IMF Conditionality and Objections: The Russian Case
AbstractEmerging economies in crisis typically request assistance from the International Monetary Fund (IMF). After evaluating the situation, the IMF makes a loan available to the country, conditional on certain policy reforms. Governments usually resist many of these measures and negotiation ensues. This paper analyzes the most contentious measures of IMF conditionality in the context of Russia after the August 1998 crisis. The most discussed measures include the budget deficit, structural reforms, and exchange rate policy. Our analysis suggests that to some extent the disagreement arose because the IMF is focused on changing steady states somewhat ignoring the transition path, while the Russian government is preoccupied with transitional dynamics without a clearly defined steady state concept. Copyright 2001 The American Journal of Economics and Sociology.
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Bibliographic InfoArticle provided by Wiley Blackwell in its journal The American Journal of Economics and Sociology.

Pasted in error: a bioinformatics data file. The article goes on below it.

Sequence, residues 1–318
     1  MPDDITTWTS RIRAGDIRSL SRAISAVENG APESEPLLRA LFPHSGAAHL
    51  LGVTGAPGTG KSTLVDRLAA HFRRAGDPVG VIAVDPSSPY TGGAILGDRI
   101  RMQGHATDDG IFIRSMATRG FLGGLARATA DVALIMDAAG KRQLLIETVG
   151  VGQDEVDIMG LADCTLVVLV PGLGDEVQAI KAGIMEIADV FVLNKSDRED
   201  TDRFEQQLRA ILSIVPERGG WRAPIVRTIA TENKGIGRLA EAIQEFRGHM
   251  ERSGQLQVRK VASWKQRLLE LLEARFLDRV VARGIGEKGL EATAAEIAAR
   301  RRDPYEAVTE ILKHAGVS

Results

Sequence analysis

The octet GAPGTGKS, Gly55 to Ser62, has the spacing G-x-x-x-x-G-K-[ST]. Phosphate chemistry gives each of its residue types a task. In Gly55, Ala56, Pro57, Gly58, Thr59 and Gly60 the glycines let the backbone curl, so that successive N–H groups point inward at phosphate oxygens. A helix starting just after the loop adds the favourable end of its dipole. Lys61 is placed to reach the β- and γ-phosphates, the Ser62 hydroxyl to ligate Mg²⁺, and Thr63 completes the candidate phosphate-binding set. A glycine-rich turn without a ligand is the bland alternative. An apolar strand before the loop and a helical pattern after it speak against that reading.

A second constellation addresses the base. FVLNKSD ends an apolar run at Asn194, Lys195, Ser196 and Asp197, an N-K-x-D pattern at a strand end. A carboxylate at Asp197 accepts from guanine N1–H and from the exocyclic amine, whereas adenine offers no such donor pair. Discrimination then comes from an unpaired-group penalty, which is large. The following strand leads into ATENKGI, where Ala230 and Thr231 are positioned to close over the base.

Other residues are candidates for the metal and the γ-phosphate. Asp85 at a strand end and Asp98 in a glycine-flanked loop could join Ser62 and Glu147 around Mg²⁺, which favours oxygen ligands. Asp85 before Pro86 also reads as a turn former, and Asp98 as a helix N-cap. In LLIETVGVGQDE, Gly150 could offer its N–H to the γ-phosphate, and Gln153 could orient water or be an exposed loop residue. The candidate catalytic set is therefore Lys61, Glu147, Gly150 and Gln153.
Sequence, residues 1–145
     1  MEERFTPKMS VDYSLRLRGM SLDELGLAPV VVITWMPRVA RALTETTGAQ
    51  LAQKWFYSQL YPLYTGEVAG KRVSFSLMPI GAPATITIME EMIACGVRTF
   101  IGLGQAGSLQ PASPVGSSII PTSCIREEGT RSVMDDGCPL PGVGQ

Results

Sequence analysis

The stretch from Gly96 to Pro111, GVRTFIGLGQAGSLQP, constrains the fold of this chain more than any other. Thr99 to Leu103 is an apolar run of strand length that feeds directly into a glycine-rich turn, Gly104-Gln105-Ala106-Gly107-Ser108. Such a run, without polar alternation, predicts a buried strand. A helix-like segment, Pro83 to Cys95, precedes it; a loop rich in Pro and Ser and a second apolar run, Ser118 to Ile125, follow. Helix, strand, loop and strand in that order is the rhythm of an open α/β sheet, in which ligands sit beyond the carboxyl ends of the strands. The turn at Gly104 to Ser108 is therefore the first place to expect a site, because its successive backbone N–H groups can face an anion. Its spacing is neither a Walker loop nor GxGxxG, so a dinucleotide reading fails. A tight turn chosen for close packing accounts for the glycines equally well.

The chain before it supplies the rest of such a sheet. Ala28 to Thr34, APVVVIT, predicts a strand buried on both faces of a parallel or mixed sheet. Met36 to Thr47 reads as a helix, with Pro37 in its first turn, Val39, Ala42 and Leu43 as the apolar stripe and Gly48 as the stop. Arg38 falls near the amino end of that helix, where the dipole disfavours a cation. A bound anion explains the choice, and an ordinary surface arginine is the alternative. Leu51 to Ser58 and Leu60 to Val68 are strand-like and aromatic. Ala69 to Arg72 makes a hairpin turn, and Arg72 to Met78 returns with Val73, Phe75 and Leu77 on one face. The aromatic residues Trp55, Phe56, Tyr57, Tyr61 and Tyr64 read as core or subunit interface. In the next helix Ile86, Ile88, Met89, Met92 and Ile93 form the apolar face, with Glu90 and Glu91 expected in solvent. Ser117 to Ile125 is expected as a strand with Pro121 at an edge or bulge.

Volume (Year): 60 (2001)
Issue (Month): 2 (04)
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Web page: http://www.blackwellpublishing.com/journal.asp?ref=0002-9246
Other versions of this item:
- Jorge Martinez-Vazquez & Felix Rioja & Samuel Skogstad & Neven Valev, 2000. "IMF Conditionality and Objections: The Russian Case," International Center for Public Policy Working Paper Series, at AYSPS, GSU paper0003, International Center for Public Policy, Andrew Young School of Policy Studies, Georgia State University.
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- Clifford Gaddy & Barry W. Ickes, 1998. "To Restructure or Not to Restructure: Informal Activities and Enterprise Behavior in Transition," William Davidson Institute Working Papers Series 134, William Davidson Institute at the University of Michigan.
- Schwartz, Anna J., 1993. "Currency boards: their past, present, and possible future role," Carnegie-Rochester Conference Series on Public Policy, Elsevier, vol. 39(1), pages 147-187, December.
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